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What Is The Most Common Cause Of Tennis Elbow?

Tennis elbow[1] is a painful condition of the elbow caused by overuse of the forearm. It is marked by an inflammation or swelling on the elbow joint due to the damaged tendons joining the forearm and elbow. It is located at the lateral side of the elbow. The pain is felt when the forearm is straightened or extended fully. The causes of pain are overstraining and repetitive stress on the muscles and tendons of the forearm during sports like tennis, racquet, golf, etc. and some professions like carpentry, painting, and many more. It is treated by rest, ice packs, medicines, physiotherapy, steroid injections and many more.

What Is The Most Common Cause Of Tennis Elbow?

What Is The Most Common Cause Of Tennis Elbow?[2-4]

Tennis elbow is a painful disorder of elbow most commonly caused by the overuse of the forearm in activities like weightlifting, swimming or playing a violin and racquet sports. Extreme pain is felt when one tries to straighten the hand or extend them fully.

The elbow joint is connected to the forearm by muscles and tendons. The muscles and tendons are joined to the bones to provide strength and mobility to the forearm. These muscles are mainly extensor muscles of the forearm. The repetitive incorrect action of the wrist can cause small tears in the muscles and tendons of the forearm. It also leads to the inflammation of the tendons and muscles. It is felt when the hand is extended fully or straightened. The pain can also be due to the irritation and the inflammation of the nerves involved in this area.

This condition is called tennis elbow because it is seen mostly in 5% racquet players. It develops in the persons who are involved in the professions where the forearm is used extensively for example weight lifting, painting, playing the violin, carpentry, etc. These activities cause repetitive strain to the muscles and tendons causing damage to them. It usually affects in the middle age between 30 to 50 years.

Tennis elbow can happen in both the hands at a time but it is likely to affect the arm which is used most. Depending on the damage, recovery can occur from 6 months to 2 years without treatment. Relapse of tennis elbow is also common.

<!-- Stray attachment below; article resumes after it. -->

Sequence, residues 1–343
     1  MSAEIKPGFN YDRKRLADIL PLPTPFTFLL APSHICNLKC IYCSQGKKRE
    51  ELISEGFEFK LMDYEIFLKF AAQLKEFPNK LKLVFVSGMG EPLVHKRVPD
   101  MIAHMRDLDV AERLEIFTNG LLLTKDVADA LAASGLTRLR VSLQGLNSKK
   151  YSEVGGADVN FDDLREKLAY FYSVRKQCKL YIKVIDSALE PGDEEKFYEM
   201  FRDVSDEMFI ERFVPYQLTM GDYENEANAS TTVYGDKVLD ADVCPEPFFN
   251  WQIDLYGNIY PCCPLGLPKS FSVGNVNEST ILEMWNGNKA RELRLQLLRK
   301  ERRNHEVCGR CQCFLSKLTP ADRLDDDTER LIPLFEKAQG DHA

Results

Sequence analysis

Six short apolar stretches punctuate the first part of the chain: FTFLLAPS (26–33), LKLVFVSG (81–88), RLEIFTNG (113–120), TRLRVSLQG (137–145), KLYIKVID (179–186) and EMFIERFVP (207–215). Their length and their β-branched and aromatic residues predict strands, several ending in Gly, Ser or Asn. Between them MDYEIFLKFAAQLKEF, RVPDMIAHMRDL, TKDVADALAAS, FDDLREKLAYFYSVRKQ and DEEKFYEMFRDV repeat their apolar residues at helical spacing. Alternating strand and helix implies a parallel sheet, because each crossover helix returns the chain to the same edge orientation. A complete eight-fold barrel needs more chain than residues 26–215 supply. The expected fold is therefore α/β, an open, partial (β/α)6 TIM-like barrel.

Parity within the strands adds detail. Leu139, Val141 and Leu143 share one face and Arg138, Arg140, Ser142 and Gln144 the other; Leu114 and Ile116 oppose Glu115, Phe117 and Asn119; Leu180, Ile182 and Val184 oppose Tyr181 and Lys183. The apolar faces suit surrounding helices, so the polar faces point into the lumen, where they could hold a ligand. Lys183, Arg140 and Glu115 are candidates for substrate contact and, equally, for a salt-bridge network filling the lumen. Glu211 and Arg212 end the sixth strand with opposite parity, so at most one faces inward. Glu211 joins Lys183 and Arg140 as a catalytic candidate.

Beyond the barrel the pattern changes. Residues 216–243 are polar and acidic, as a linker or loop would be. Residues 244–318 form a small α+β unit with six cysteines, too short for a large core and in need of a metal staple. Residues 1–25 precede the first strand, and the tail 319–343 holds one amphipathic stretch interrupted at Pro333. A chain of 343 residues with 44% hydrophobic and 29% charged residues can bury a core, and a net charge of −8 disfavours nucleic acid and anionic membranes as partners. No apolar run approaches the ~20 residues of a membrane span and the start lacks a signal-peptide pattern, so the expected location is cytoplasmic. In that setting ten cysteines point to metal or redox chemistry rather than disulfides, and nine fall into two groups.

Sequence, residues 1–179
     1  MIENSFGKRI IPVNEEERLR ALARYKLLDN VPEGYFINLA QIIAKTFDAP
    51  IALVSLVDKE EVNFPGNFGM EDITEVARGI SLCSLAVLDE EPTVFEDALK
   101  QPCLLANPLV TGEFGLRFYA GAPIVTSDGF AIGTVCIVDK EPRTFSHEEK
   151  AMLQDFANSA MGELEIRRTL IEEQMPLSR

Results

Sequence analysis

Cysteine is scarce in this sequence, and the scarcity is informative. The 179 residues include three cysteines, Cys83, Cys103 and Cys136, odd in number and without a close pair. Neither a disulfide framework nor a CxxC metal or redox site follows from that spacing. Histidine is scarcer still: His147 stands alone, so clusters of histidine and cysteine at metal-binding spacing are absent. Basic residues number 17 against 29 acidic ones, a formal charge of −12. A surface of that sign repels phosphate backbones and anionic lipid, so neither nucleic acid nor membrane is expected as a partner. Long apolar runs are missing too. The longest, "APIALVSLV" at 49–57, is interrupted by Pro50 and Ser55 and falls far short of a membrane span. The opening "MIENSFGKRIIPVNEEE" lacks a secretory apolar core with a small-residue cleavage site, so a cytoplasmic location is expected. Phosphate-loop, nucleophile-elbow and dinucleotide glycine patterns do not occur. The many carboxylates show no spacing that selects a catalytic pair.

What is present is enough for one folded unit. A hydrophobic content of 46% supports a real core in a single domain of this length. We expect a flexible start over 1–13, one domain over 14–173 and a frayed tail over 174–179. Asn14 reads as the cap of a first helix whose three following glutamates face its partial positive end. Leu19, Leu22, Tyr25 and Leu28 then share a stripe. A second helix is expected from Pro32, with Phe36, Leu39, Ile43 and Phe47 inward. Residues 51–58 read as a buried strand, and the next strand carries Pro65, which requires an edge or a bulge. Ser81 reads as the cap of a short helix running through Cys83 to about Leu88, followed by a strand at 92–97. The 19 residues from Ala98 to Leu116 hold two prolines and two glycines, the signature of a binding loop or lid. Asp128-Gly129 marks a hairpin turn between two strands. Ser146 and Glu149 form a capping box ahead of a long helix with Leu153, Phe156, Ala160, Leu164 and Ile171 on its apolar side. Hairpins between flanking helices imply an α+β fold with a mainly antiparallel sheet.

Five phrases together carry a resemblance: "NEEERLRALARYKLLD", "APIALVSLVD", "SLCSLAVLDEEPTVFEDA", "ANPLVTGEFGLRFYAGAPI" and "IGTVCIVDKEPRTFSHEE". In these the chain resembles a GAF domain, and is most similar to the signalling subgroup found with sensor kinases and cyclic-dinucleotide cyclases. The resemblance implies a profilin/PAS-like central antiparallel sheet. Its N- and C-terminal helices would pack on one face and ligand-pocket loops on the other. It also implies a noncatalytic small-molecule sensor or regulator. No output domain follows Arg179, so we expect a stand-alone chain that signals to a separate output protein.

The most common cause of tennis elbow is repetitive or strenuous activities of the forearm apart from the sudden injury after banging or knocking the elbow.

The causes of tennis elbow that involve repetitive twisting of the wrist and forearm muscles happening in activities like-[2]

  • Racquet sports like badminton, tennis or squash
  • Throwing sports like discus or javelin
  • Use of paintbrush in painting
  • Use of shears in gardening
  • Manual tasks like plumbing or bricklaying
  • Use of scissors in tailoring or fine works
  • Repetitive bending the elbow like playing the violin

The symptoms of tennis elbow are as follows-[3]

  • Tennis elbows start with mild pain and tenderness over the elbow joint.
  • The pain is felt worse when hands are used to perform any work.
  • Pain radiates from the elbow to the forearm and wrist.
  • The pain gets worse with the time and it becomes so severe that pain is felt even when the forearm is still.
  • Pain is felt worst while:
    • Bending or lifting your arm.
    • Writing or gripping small objects like pen.
    • Holding cup.
    • Twisting the forearm like turning a handle of the door or opening a jar.
    • Extending the arm.
    • Shaking hands.
    • Stiffness in the elbow in the morning.
    • Soreness in the muscles of the forearm.
    • Weakness in the elbow.
    • Numbness and tingling in hand, arm or wrist.

Tennis elbow is diagnosed by simple physical examination. However, X-ray, CT scan or MRI scan can be done to rule out severe damage or injury to the affected elbow. MRI scan is performed to get the details of soft tissues, muscles, and tendons of the arm.[4]


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Team PainAssist
Team PainAssist
Written, Edited or Reviewed By: Team PainAssist, Pain Assist Inc. This article does not provide medical advice. See disclaimer
Last Modified On:December 15, 2020

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